2000 to 3000 unemployed folks in Finland will have at least one reason to be cheerful this month, as they will become part of a two-year study into the benefits of the Universal Basic Income (UBI). The randomly selected candidates will receive a monthly tax-free income of roughly £476 from the state, even continuing once they find work.

By replacing the candidates’ existing benefits, the Finnish government is looking to assess whether a basic income ‘can help reduce poverty, social exclusion, and bureaucracy, while increasing the employment rate’. This marks the only instance when a country has ever trialled the policy at a national level, although cities such as Fife, Glasgow, Utrecht, and Ontario also set to run similar trials in 2017.

 

The current landscape

Critics of the UBI have described it as unaffordable, and with cuts being made to public services across the UK, selling the idea to the voting public of giving unconditional money to everyone is a particularly tricky task. A recent referendum in Switzerland saw proposals emphatically shot down, with 77% of voters deciding against them.

Despite this, Royal Society of Arts (RSA) have published optimistic UK-based calculations and maintain that UBI is “feasible, desirable and beneficial”, and it has attracted the interest of high-level politicians including Shadow Chancellor John McDonnell. The Green Party have long called for more research into it as well.

Although sometimes disregarded as a flagrantly left-wing idea, there is some curiosity on the other end of the spectrum, as many on the right believe claimants are currently reluctant to find work as in many cases they can end up in a worse financial situation once their benefits end. As unlikely as it sounds, there were allegedly even moves to implement a version of the policy in the US in the Nixon years, although they were eventually quashed.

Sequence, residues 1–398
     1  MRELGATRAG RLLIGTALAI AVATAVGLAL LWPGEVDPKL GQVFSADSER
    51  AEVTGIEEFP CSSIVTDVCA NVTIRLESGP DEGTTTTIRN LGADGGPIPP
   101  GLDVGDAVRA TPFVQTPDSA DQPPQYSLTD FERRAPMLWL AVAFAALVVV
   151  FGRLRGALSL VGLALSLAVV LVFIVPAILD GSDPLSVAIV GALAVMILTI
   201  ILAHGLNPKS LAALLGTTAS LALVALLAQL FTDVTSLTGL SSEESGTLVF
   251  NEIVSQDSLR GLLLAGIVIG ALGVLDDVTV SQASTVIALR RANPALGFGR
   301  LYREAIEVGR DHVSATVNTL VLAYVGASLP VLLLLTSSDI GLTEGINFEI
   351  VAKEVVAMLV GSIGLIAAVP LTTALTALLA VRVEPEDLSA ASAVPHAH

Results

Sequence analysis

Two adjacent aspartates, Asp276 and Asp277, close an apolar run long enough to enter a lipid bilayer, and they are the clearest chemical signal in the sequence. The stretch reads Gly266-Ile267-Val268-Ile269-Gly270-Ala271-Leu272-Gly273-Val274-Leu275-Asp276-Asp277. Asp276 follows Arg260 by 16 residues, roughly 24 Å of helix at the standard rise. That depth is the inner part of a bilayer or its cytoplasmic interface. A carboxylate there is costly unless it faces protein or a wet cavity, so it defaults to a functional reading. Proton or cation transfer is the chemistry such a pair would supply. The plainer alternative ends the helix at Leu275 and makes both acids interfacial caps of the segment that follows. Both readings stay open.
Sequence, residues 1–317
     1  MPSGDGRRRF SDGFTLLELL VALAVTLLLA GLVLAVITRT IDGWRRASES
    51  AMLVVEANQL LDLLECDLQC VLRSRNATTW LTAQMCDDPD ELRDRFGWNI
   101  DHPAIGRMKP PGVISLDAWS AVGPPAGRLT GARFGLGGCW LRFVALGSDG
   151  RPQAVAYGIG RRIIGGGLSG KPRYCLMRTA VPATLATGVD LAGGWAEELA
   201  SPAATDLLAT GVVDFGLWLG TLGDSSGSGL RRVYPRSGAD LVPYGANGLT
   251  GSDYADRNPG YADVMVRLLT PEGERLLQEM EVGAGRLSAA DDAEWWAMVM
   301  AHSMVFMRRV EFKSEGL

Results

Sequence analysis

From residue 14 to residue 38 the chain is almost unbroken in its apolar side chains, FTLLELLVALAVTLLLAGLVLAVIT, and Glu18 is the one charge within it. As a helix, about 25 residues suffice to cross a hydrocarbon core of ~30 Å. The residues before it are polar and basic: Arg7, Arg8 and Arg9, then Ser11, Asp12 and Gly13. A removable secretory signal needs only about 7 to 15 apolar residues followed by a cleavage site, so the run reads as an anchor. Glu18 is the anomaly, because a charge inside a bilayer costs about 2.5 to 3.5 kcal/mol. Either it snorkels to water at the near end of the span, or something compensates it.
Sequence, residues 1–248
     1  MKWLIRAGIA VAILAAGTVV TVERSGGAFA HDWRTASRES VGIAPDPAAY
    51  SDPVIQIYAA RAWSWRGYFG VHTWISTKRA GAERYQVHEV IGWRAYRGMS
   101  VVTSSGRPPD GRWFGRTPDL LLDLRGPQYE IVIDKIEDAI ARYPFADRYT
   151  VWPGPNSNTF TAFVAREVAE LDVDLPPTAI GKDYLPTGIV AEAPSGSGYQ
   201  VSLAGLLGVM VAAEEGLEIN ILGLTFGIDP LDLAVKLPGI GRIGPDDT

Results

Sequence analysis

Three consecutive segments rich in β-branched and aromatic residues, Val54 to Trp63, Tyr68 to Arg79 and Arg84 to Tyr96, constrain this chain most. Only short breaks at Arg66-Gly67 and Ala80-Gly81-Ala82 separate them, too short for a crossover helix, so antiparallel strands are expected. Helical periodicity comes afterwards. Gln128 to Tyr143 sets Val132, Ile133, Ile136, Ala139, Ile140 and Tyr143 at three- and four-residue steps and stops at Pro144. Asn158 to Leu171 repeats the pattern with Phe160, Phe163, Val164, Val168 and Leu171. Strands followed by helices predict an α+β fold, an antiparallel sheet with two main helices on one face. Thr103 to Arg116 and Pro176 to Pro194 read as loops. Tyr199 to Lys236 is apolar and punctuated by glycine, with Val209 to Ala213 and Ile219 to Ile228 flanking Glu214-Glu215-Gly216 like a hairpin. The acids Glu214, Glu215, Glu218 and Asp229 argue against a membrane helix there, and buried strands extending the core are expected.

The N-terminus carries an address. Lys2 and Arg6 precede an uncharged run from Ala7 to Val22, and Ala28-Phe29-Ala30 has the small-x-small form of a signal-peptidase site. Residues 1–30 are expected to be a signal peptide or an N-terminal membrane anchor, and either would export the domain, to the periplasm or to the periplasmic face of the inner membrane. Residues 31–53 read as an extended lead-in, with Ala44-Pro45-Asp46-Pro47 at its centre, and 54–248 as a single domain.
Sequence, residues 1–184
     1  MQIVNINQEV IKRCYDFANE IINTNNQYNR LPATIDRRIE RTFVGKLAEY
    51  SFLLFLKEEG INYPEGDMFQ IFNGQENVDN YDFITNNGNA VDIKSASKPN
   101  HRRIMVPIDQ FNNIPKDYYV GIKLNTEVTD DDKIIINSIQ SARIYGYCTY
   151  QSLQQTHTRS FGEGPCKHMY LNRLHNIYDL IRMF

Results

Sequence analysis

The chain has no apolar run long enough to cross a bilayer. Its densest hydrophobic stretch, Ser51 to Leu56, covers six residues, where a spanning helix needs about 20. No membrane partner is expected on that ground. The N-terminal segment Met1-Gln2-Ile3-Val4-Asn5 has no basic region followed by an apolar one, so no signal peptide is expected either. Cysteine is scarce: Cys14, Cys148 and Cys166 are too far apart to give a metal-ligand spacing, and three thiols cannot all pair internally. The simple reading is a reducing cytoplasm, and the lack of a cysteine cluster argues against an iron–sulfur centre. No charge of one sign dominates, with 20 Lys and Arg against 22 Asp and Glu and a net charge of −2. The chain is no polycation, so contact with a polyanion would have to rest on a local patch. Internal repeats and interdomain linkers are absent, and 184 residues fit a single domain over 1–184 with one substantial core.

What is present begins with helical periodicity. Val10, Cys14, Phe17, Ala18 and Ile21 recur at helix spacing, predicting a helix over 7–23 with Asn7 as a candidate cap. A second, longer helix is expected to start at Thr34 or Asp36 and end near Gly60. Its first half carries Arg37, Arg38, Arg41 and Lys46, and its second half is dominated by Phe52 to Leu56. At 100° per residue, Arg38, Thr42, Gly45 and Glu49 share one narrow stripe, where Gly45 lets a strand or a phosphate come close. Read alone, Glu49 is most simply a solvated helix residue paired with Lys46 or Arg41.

Whatever your political alignment though, it is hard to deny that the need to rethink welfare and unemployment benefits rises dramatically with employees quickly being replaced by robots. As Joel Mokyr, History & Economics Professor at Northwestern University warned of automation destroying the economy:

“It’s not yet a central item on the agenda of the economics professionals or politicians, and that is what you’d expect, because usually we don’t realise we’re in a crisis until it’s too late to do anything about it”.

 

Universal Basic Income – a global talking point

These upcoming trials will hopefully offer a welcome injection of evidence-based analysis to the previously anecdote-dominated discussion. It may end up being a massive flop, or a resounding success, but either way the results will most likely provide some much-needed insight into how the details can be tweaked and improved to produce better results.

Although it is not truly universal (it only covers 0.5% of the population and is limited by age, employment and income), MPs and policy wonks across the globe will nonetheless be keeping a close eye on this potentially hugely significant study.

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